Potential for Iron-reduction and Iron-cycling in Iron Oxyhydroxide-rich Microbial Mats at Loihi Seamount
Author: Emerson, David
Source: Geomicrobiology Journal, Volume 26, Number 8, December 2009 , pp. 639-647(9)
Publisher: Taylor and Francis Ltd
Abstract:The summit of Loihi Seamount (∼1000 mbsl) is host to active hydrothermalism with vent fluids that are rich in Fe(II), resulting in copious deposition of microbial iron mats. A variety of freshly collected mat samples were assessed for their potential to support Fe-reduction, by incubating them under anaerobic conditions with 5 mM acetate. Ten of eleven samples showed active Fe-reduction within 5 to 10 days. Most probable number (MPN) analysis for Fe-reducing bacteria indicated they were present, typically around 103 cells . ml-1, but composed well under 1% of the total bacterial population. A novel, obligately anaerobic Fe-reducing bacterium, Geothermobacter, strain HR-1, was isolated from one of the mats, and was used in experiments to test Fe-reduction rates under different conditions. Strain HR-1 initiated growth more rapidly on biogenic oxides than synthetically prepared ferrihydrite, furthermore magnetite production was not observed in cells grown on biogenic oxides, but was present when cells were grown on synthetic ferrihydrite. When Fe-mats were inoculated with HR-1 and 5 mM acetate rapid iron reduction occurred; in mat samples not amended with acetate the rates and amounts of Fe-reduction were significantly less, suggesting that the system was limited for C. Similar results, with even more pronounced differences between acetate-amended and unamended samples, were found when HR-1 was inoculated into biogenic oxides formed by a pure culture of Mariprofundus ferrooxydans, a common Fe-oxidizing bacterium in the Loihi Fe mats. Together these results suggest that Fe-reducing bacteria (FeRB) are present in the iron mats at Loihi, albeit at low numbers, and that in situ they contribute only in a minor way to the iron budget at Loihi. The results are discussed in the context of bacterial iron cycling and the implications for understanding the genesis of banded iron formations.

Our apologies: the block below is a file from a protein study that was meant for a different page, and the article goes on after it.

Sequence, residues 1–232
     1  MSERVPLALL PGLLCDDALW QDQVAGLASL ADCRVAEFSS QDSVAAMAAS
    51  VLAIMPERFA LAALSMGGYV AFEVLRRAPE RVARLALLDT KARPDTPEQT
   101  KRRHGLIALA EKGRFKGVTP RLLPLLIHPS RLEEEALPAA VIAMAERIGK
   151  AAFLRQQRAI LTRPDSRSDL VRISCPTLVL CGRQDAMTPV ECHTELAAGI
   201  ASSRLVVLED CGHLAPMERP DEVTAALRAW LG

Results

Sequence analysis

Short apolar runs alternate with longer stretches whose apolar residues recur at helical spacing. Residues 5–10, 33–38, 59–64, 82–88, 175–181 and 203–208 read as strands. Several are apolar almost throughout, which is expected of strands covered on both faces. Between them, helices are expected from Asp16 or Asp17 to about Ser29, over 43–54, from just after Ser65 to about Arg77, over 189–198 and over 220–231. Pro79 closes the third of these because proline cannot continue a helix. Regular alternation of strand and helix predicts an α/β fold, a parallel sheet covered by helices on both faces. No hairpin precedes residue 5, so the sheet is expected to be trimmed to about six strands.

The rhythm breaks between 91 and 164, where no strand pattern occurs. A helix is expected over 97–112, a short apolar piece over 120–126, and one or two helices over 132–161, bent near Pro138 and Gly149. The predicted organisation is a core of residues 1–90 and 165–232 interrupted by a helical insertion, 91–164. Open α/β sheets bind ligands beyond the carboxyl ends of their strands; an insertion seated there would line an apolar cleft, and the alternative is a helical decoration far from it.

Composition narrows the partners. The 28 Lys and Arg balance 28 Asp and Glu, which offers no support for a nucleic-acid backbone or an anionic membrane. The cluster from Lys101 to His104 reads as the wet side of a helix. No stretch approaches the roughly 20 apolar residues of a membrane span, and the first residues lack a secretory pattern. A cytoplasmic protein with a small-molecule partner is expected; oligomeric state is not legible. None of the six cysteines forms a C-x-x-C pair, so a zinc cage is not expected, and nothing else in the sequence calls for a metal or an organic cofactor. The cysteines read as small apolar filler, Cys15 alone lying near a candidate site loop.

Document Type: Research Article
Affiliations: Bigelow Laboratory for Ocean Sciences, West Boothbay Harbor, ME
Publication date: 2009-12-01